Gov. Brown joins Schwarzenegger, top experts for climate change panel
Sacramento symposium charts economic costs and the advantages of taking the California model global
Government officials, business leaders and environmental researchers gathered in Sacramento to discuss the state policies and information gleaned from nearly a decade at the forefront of addressing the issue of climate change at a symposium co-sponsored by the USC Schwarzenegger Institute for State and Global Policy.
Organized to take place as the United Nations prepares for its 20th annual climate change conference in Peru this December, the Sept. 8 symposium “Global Climate Negotiations: Lessons From California” featured two of the key figures in turning California into a global leader on the topic — former Gov. Arnold Schwarzenegger and current Gov. Jerry Brown.
If we continue to pioneer and to prove that we can succeed environmentally as well as economically, other people will be able to follow.
Gov. Jerry Brown
Schwarzenegger, who in 2006 worked to pass the landmark Global Warming Solutions Act to progressively reduce greenhouse gas emissions, asserted that it was an important message to the rest of the country that California has never put the environment into an ideological corner.
“While the politicians in Washington can’t get anything done because of being stuck in those ideological foxholes, we here in California have two governors from two different parties in the same room fighting for the same green energy future,” said Schwarzenegger, chair of the institute and Governor Downey Professor of State and Global Policy at USC. “Isn’t that fantastic?”
California takes the lead in energy efficiency
Schwarzenegger attested to California’s reputation as a leader in energy and climate change, noting that the state is 40 percent more energy efficient than the rest of the country. If the whole of the United States adopted California’s green policies, he said it would allow for the closure of two-thirds of the nation’s coal-fired power plants or the equivalent of taking 188 million cars off the road. The Obama administration already adopted California’s tailpipe emission law as a federal standard in 2009.
“If we continue to pioneer and to prove that we can succeed environmentally as well as economically, other people will be able to follow,” said Brown, who went on to twist a famous Las Vegas slogan to fit California. “What happens here doesn’t stay here. It goes all around the county and all around the world.” The event included three panel discussions covering the economic costs of climate change effects, why addressing climate change is good for business and taking the California model global.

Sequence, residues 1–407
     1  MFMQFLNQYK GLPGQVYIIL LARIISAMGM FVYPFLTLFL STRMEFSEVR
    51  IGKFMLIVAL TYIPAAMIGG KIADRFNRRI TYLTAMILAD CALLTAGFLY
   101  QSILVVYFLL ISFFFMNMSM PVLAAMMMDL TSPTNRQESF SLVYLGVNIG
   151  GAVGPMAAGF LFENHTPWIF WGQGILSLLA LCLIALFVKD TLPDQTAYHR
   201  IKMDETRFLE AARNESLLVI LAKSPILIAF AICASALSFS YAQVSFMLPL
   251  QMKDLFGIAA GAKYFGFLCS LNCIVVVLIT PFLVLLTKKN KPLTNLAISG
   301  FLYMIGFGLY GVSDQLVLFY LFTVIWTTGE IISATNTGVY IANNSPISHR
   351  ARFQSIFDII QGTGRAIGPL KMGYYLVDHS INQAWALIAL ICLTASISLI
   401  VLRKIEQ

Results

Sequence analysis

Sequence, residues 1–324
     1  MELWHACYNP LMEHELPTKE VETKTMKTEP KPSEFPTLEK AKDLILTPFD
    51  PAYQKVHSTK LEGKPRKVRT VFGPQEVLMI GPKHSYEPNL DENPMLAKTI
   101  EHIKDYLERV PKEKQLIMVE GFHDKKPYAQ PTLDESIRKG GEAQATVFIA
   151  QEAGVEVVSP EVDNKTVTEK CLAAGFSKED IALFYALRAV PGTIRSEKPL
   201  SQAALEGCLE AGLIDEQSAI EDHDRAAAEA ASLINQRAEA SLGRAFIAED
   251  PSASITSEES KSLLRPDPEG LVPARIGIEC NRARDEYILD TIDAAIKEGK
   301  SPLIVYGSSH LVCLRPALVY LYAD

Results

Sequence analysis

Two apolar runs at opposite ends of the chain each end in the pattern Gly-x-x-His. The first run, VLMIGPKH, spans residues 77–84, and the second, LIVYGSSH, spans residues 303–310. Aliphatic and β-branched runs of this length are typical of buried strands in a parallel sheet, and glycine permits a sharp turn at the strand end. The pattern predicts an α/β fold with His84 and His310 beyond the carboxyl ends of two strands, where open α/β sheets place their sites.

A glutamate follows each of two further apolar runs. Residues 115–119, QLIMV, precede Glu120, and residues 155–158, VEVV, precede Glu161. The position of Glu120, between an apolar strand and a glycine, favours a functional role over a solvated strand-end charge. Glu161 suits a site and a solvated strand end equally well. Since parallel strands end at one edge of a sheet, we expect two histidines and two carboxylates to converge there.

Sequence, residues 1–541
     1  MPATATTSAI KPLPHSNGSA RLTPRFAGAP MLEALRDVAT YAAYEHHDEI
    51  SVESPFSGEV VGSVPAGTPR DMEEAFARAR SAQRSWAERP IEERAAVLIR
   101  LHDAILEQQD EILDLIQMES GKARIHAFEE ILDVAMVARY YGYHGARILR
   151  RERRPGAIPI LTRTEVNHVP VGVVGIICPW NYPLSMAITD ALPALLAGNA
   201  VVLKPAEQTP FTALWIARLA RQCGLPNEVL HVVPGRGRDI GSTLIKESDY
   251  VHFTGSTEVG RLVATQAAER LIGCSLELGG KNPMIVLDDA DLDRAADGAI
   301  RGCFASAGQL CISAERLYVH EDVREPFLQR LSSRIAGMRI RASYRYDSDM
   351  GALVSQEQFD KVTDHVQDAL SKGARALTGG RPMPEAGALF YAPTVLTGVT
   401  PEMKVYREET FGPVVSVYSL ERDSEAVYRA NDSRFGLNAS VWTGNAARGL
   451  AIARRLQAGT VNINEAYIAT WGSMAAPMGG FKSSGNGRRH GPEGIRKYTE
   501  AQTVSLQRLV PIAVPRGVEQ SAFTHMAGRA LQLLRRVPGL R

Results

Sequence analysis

USC Price School of Public Policy Dean Jack H. Knott introduced the panel on economic costs, which was moderated by Dan Mazmanian, a USC Price professor and new academic director at the Schwarzenegger Institute, which is housed within the school.
“Arnold chose the USC Price School’s philosophy that public policy is best informed when guided by facts and research,” Knott said. “We both share the view that academic research should focus on how it can actually influence real-world problems. … When decision-makers often hear arguments claiming that climate change is too costly, it’s important to have research that looks at what not addressing climate change would cost.”
Peter Gleick, president and co-founder of the Pacific Institute, noted that a rise in sea level could put at risk more than $100 billion in property, 480,000 people living in at-risk areas, 29 waste treatment plants, 10k megawatts of power plants and thousands of miles of road and transportation infrastructure.
Associate Professor Anthony Westerling of the University of California, Merced, noted the property loss and rising costs to fight wildfires, which have been continuously increasing in number and duration for more than 30 years. “Although our knowledge is far from perfect in these areas, there are important steps that can and should be taken now in order to avoid potentially very serious economic and other costs of inaction if we fail to do so,” Mazmanian said.
Bonnie Reiss, global director at the USC Schwarzenegger Institute, led the business panel with Lisa Jackson of Apple, Michael Britt of UPS and Ann Stausboll of CalPERS.
“Those who are trying to stop efforts to address climate change and reduce greenhouse gases in our state, in Congress and elsewhere, say, ‘Well, maybe the science proves there’s climate change occurring, but we cannot afford to do anything.’ They say it hurts the economy and jobs,” Reiss said. “… We do this to directly refute those who say addressing climate change is not good for business and jobs.”
Terry Tamminen, former secretary of the California Environmental Protection Agency, headed a panel featuring State Sen. Kevin de Leon, Intergovernmental Panel on Climate Change Chairman R.K. Pachauri and former Long Beach Mayor Bob Foster.
“If California sets this blazing trail, then I think the rest of the world has something to follow,” Pachauri said. “I would like to appeal to the leadership of California, the people of California, the businesses and of course civil society and academia to see that the remarkable record that you have can be accelerated, can be built on, so that all of us and the rest of the world get a sense of confidence and a great deal of inspiration by which we can really tackle this most important challenge that human society is facing.”
The event, held at the California EPA headquarters, was co-sponsored by the Schwarzenegger Institute, the state EPA’s Air Resource Board and the nonprofit environmental organization R20 Regions of Climate Action.
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